US President Joe Biden Visits El Paso to Face a Border Crisis He Admits Has No Easy Fix

Biden is visiting El Paso on his way to Mexico City, where he will meet Monday and Tuesday with the leaders of Canada and Mexico at the North American Leaders’ Summit

Migrants attempt to evade law enforcement after crossing the US and Mexico border in El Paso, Texas.
By Josh Wingrove
January 08, 2023 | 11:43 AM

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Bloomberg — President Joe Biden will confront one of his biggest political liabilities head-on Sunday, as he pays a visit to the US border with Mexico in El Paso, Texas.

Biden will see first-hand conditions for migrants and the US officials who process them as they cross from Mexico. He’s facing calls from Democrats and Republicans to more quickly process cases, resettle lawful claimants and deport people deemed ineligible.

Since Biden entered the White House, the US has seen an increase in migration from Latin America — one he attributes to a range of factors, including people fleeing dictatorial and socialist regimes to seek a better life in the US, but which his critics say is fueled by his rejection of hard-line measures to flatly stop crossings.

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Congress has balked at immigration reform or major new funding, leaving Biden few options. The US continues to employ pandemic-era border controls known as Title 42 to quickly expel migrants. The president acknowledged there is no easy fix on Thursday as he announced new measures to address the border situation.

“Our problems at the border didn’t arise overnight and they’re not going to be solved overnight. It’s a difficult problem,” Biden said. But he also lashed out at Republicans for what he called “inflammatory” talk about migration and urged them to work across the aisle to approve immigration legislation and additional border-security funds.

“Immigration reform used to be a bipartisan issue. We can make it that way again. It’s not only the right thing to do, it’s economically a smart thing to do,” Biden said. “It’s so easy to demagogue this issue.”

Biden’s visit comes as Congress prepares to probe the situation at the border. The election of Kevin McCarthy as House Speaker early Saturday — after 15 votes where hard-line conservatives flexed their political muscle to extract concessions — will set in motion a series of Republican-led investigations, with the border situation among the most high-profile.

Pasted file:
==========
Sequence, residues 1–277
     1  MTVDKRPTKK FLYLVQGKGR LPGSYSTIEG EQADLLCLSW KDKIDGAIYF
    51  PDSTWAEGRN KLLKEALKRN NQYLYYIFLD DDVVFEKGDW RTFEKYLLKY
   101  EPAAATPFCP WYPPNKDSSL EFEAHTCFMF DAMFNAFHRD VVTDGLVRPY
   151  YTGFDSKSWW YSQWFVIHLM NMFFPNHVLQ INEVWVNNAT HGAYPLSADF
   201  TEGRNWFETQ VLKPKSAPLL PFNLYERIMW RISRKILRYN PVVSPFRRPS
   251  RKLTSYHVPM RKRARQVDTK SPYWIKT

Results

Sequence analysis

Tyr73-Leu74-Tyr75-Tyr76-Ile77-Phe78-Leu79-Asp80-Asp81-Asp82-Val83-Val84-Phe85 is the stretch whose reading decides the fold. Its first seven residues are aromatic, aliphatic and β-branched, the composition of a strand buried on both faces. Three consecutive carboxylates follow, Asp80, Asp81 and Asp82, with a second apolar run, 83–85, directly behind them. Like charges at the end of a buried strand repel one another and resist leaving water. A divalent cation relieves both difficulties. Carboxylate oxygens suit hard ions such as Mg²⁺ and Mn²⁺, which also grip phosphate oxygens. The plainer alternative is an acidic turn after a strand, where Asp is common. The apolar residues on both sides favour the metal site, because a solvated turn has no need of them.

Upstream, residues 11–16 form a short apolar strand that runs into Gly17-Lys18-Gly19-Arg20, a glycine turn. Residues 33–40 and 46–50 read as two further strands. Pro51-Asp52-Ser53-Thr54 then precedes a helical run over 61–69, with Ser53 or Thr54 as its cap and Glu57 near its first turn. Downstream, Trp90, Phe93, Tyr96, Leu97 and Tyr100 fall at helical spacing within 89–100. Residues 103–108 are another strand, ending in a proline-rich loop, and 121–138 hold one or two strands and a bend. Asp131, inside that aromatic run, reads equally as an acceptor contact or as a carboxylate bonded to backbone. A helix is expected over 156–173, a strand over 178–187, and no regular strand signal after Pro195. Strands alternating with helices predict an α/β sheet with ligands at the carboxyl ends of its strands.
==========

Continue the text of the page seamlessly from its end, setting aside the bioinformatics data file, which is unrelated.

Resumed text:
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Biden is visiting El Paso on his way to Mexico City, where he will meet Monday and Tuesday with the leaders of Canada and Mexico at the North American Leaders’ Summit, commonly called the “Three Amigos” gathering.

Biden teed up the summit by announcing on Thursday a deal with Mexico under which the US will expand a humanitarian program to allow up to 30,000 additional migrants per month from Cuba, Nicaragua, Haiti and Venezuela.

The changes expand on an October initiative that allowed qualifying Venezuelans to enter the US by air if they applied abroad, could point to someone in the US who would provide financial support, and passed national security, public safety and health screenings.

But as part of the arrangement, the administration will stop offering asylum to migrants from those four countries who try to cross into the US without authorization. In an agreement with Mexico’s government to accompany the new parole program, more migrants from the four countries will be refused entry and returned to Mexico.

The American Civil Liberties Union said Biden’s announcement “further ties his administration to the poisonous anti-immigrant policies of the Trump era instead of restoring fair access to asylum protections.”

Biden and former President Donald Trump have used Title 42 restrictions to expel migrants more than 2 million times since early 2020.

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Biden has grappled with how to deal with the border throughout his administration, including by trying to quell the unrest that fuels migration. In 2021, he appointed Vice President Kamala Harris as a point person to address the economic and social conditions driving migration from Honduras, Guatemala and El Salvador.

Congress has balked at any meaningful new funding or reform, though, leaving Biden — who sent a suggested immigration bill to Congress on the day he was sworn in — with scant room to overhaul an already overwhelmed system except through executive measures.

“It’s a complicated issue. I don’t want to pretend there’s anything easy about it,” Biden said Thursday.

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